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Dannehy: Scheme Alone Can’t Fix Bears Offense

| May 18th, 2022


Relying on a scheme change to fix a broken offense has proven to be a broken philosophy, especially when the person in charge of that scheme has never done the job before. Luke Getsy made reference to scheme being a reason to believe the offense — specifically the pass catchers — will be better, and while he should have confidence in his own ability, he surely knows the Bears need their players to be better if they’re going to score more points. Getsy is well regarded, but new play callers generally struggle and almost never get time to figured it out.

In the last decade, 26 non-offensive coaches have been hired. Nine of those went with offensive coordinators who were new to the job and the success rate of those coaches is not good. Of those nine, three were fired after just one season and two were canned during or after their second seasons. One was fired with the entire staff after the second season.

There are two young play callers entering with their jobs on the line in 2022.  Mike LaFleur needs his Jets to improve from being in the bottom six of the league pretty much across the board. Scott Turner took over in Carolina during the 2019 season and went to Washington with Ron Rivera, but his offenses have all been near the bottom-10.

The one real success story so far is interesting, as Matt LaFleur had a bottom-10 offense in his lone season running Mike Vrable’s unit in Tennessee before becoming the head coach of the Packers. LaFleur, of course, has been dominant in Green Bay, but we don’t need to talk about that.

As highly thought of as Getsy is, the same could be said for the likes of Joe Brady, Rich Scangarello, Geep Chryst and Rick Dennison.

For the most part, the bright young offensive minds have come from staffs led by an offensive coach. Kyle Shanahan got his start under Gary Kubiak, Sean McVay under Jay Gruden. Some — Zac Taylor, Frank Reich, Nick Sirianni, Doug Pederson and others — have gone directly from offensive coordinators who didn’t call plays to head coaches. Arthur Smith is an example of a coach who got his first gig under a defensive head coach; though Vrable had already began implementing the offense he wanted.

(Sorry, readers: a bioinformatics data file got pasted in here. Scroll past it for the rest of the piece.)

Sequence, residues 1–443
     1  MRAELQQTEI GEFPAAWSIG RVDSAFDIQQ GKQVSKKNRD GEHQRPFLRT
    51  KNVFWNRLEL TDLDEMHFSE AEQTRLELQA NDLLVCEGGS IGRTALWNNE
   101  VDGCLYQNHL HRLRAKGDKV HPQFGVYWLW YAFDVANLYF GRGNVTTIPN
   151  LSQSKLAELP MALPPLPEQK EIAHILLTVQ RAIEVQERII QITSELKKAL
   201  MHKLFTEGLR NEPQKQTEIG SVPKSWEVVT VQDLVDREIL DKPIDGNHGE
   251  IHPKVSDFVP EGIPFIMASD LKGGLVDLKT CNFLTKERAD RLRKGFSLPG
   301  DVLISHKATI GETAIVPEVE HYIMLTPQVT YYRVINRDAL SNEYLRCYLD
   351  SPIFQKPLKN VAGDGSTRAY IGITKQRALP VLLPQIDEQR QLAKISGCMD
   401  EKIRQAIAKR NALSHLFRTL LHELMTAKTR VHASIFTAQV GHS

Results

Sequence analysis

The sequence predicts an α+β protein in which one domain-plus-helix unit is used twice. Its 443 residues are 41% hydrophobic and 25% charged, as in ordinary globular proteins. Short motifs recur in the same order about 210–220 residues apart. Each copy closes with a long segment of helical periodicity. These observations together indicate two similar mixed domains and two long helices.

But every bright offensive coach gets a start somewhere and the lack of recent success doesn’t mean the Bears should’ve gone after a retread. Those haven’t proven to guarantee success either. Mike Zimmer thought he had it right with Norv Turner. Vic Fangrio went with Pat Shurmur after canning Scangarello. Chan Gailey has gotten multiple chances.

Indications from the Bears seem to be that the offense wasn’t THAT broken and there is some data to back that up.From Week 5 to Week 16, the Bears were top 10 in explosive play rate in games Justin Fields quarterbacked per Sharp Football Stats. They were eighth in rushing, 14th in passing and eighth overall. As I wrote last December, the offense showed some really promising signs and it could be argued that the quarterbacks, more than anything else, is what held them back.

If that’s genuinely the case, it could be great news for the Bears simply because everyone should expect Justin Fields to take a huge step in his second year. If he doesn’t, that will tell us more about him than anything else.

The Bears are also probably safe in guessing that Darnell Mooney and Cole Kmet are going to take another step. Mooney might have already taken that step, totaling 45 catches for 605 yards in the team’s last eight games — most of which came without Allen Robinson playing. Kmet had remarkable production for a 22-year-old tight end.

The Bears have also indicated they plan on using David Montgomery more in the passing game, something that was thought to be a strength of his coming out of Iowa State but has gone relatively under-utilized in the NFL. While much has been made about the Bears lack of weapons, it’s certainly reasonable to argue that Byron Pringle is going to be better than Robinson was in 2021 and that Velus Jones Jr. will be better than the Damiere Byrd and Marquise Goodwin combination.

Where a new scheme and play caller could really help is along the offensive line, where the wide zone has been known to make journeymen look like starters. At least in the run game.

A scheme change is fine, but ultimately, it’s players who score points in the NFL. It would take a Herculean effort for Getsy to get his group in the top ten, but if they can build off of last year and the scheme changes provide even subtle improvements, the Bears will be better.

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